Exclusive Look at SDSU Plans for a West Campus - NBC 7 San Diego

Exclusive Look at SDSU Plans for a West Campus

Taking a cue from the green belts running through San Diego State's main campus, Design Firm Carrier Johnson, showed off their initial concept for a west campus accentuating the San Diego River.

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    NBC 7 gets a sneak peek at what San Diego State University is thinking about building on the site of what once was known as Qualcomm Stadium. 

    (Published Friday, Oct. 20, 2017)

    San Diego State University leaders shared an exclusive first look at the plan for an expanded campus at the Mission Valley Stadium Site.

    SDSU West will compete with Soccer City on the ballot in 2018, but unlike Soccer City we haven't seen many details about their vision, until now.

    In a story you'll see only see on NBC 7, school leaders met with architects Thursday for an important update.

    SDSU's vision for a west campus includes a football stadium, apartments, buildings, and classrooms - all of which will be detailed in conceptual renderings over the coming weeks and months.

    Exclusive Look at SDSU Plans for a West Campus

    [DGO] Exclusive Look at SDSU Plans for a West Campus

    NBC 7's Steven Luke speaks with San Diego State architects about a new campus proposal on the land where Qualcomm Stadium currently stands in Mission Valley.

    (Published Friday, Oct. 20, 2017)

    However, the plan doesn't start with any of that. It starts with a river.

    Taking a cue from the green belts running through San Diego State's main campus, Design Firm Carrier Johnson, showed off their initial concept for a west campus accentuating the San Diego River.

    It’s a design choice and, more important, a necessity.

    In 1930, the river was actually running through the middle of the site where the university hopes to build.

    Old images show what this part of Mission Valley looked like before Interstate 8 or SDCCU Stadium were built. It was a system of rivers and streams which had to be rerouted to make room for development.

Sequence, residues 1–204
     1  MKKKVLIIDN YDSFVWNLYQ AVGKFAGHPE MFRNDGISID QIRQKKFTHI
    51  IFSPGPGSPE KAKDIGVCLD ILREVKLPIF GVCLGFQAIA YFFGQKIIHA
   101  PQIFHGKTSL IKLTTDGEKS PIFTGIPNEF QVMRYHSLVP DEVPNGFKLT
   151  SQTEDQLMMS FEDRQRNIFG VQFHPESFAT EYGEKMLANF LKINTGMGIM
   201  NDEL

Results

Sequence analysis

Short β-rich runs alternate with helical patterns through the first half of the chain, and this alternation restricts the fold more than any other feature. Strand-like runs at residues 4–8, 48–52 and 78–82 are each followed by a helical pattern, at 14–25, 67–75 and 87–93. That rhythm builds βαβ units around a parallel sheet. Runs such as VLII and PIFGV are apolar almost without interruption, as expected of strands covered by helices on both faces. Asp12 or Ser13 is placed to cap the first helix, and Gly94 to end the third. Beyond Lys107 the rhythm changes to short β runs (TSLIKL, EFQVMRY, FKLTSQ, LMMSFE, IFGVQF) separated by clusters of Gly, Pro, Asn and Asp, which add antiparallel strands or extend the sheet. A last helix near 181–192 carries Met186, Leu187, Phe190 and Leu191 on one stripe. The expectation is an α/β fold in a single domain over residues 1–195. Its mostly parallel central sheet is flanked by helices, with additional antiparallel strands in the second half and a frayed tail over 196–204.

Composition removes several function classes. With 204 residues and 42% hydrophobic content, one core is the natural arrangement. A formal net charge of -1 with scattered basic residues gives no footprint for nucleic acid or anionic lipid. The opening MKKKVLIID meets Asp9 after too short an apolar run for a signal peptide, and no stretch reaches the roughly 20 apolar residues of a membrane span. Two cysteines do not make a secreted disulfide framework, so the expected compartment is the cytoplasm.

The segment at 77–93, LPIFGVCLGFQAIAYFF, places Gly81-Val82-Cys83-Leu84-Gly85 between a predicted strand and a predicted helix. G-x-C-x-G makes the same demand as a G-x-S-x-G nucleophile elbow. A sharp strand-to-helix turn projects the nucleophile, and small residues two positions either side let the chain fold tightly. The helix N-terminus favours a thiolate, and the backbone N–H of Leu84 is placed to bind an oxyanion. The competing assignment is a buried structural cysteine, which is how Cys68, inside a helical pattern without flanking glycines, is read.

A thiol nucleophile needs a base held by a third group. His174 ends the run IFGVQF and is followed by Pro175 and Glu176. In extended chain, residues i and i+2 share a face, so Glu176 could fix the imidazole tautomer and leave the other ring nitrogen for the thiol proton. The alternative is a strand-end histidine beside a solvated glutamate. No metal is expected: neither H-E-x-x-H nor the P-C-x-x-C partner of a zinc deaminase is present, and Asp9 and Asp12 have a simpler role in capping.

The system works well unless, of course, it rains.

    In the past excess rain in the Mission Valley area has flooded golf courses and transit stations and even surrounded hotels.

    To deal with the annual rainy season, not to mention a huge 50-year flood, SDSU's design team wants to restore the watershed to its more natural state.

    They've proposed an open space much larger than the $40 million river park shown in renderings proposed by Soccer City.

    SDSU Athletic Director JD Wicker likes what he sees.

    Along with designers, they've hired developers JMI Realty to solve the site's number one problem - hydrology.

    "To Soccer City's credit, they had a plan ready to go if and when the Chargers left, we're taking our time right now," Wicker said.

    SDSU says they will release official renderings soon of the stadium and buildings, but the project's foundation will be rooted in the river.

    The green space would likely include sports fields, a dog park, and lots of trails which will blend up into the campus. It will be at a lower elevation so water can’t get up into the site.

    Designers are promising a magical connection between education, sports, and nature.

    The lead designer made a comment saying you can go to SDCCU stadium for a football game and never even realize the river is there - that won't be the case with their plan.